See our full list of art fairs around the world in 2023.
Singapore, 12-15 January
Tokyo, Japan, 7-9 July
This year sees the much-anticipated launch of two major international fairs in East Asia: Tokyo Gendai and Singapore’s Art SG. The former looks set to benefit from Japan having eased some of its onerous art import regulations last year. The world’s third largest economy is attempting to revive the global reach of its art market following a spectacular boom and bust at the end of the last century. Around 80 to 100 galleries, concentrated largely, though not exclusively, in Asia Pacific, will be selected by a committee including the leading international dealers Tim Blum (Blum & Poe) and Marc Glimcher (Pace).
Meanwhile, Art SG is boosted not only by Singapore’s attractive tax laws, but also the backing of Art Basel’s parent company MCH Group, which acquired a 15% stake in the fair last year. This influence has no doubt played a part in the high quality of the exhibitor list, which includes global gallery brands such as Gagosian and Thaddaeus Ropac as well as lesser-known spaces such as TKG+ from Taipei. Both events will be watched closely by leading industry figures, as Hong Kong’s position as Asia’s prime art hub hangs in the balance amid worsening security laws imposed by Beijing.
Photofairs New York
New York, US, 8-10 September
Asia Pacific’s largest fair organisers, Angus Montgomery Arts and Creo, will hold the first edition of Photofairs New York next door to the Armory Show in Manhattan’s Javits Center. The sister event of Photofairs Shanghai will be New York’s largest contemporary photography fair. The brand previously attempted to break the US market with a fair in San Francisco, which ran for just two editions in 2017 and 2018. The New York fair comes after Angus Montgomery acquired a 25% stake in Photo London, signalling its willingness to diversify outside the Asia Pacific region. It will also expand on the definition of photography with digital works and NFTs.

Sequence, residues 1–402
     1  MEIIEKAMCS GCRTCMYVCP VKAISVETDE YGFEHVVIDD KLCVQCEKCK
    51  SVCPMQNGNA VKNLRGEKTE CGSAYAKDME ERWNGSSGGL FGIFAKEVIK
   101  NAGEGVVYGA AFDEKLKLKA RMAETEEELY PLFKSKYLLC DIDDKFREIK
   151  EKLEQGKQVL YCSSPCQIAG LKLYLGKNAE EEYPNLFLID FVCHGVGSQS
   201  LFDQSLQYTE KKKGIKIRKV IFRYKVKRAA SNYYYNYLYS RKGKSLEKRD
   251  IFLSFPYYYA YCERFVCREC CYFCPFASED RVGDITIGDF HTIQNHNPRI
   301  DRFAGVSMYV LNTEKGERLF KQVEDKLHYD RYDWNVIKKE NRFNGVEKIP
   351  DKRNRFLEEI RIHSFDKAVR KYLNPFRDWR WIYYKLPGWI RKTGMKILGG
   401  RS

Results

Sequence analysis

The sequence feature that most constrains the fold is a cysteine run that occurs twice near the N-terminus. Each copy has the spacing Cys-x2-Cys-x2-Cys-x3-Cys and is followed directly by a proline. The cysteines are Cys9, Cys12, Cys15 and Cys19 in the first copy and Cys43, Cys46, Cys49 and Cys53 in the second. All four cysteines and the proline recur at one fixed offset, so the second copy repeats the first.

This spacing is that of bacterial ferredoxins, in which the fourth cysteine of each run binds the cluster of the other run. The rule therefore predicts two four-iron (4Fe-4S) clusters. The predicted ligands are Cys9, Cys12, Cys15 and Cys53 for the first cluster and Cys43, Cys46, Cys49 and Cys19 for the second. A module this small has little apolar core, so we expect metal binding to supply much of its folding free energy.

London, UK, 11-15 October
Frieze London, once the spunky new kid on the block, leaves teenagehood behind and turns 20 years old. The past two decades have seen a meteoric rise for the fair: the co-founders Matthew Slotover and Amanda Sharp have transformed it from a single event in Regent’s Park into an industry-leading brand spanning three continents, most recently holding an inaugural Seoul event in September last year.
Frieze also pioneered a number of features that we now think of as commonplace for art fairs, such as a programme of talks and performances that help transform a trade event into an art world moment. As of 2016, the fair has been owned by the American entertainment giant Endeavor, cementing its reputation as a slick and corporate event for blue-chip art and mega-rich collectors. But as Sharp once said: “You can’t remain cool forever.”
While Frieze is so far being tight-lipped about how it will celebrate its milestone birthday, we can nonetheless expect something big. Even when they are all grown up, it is hard to keep a party animal down.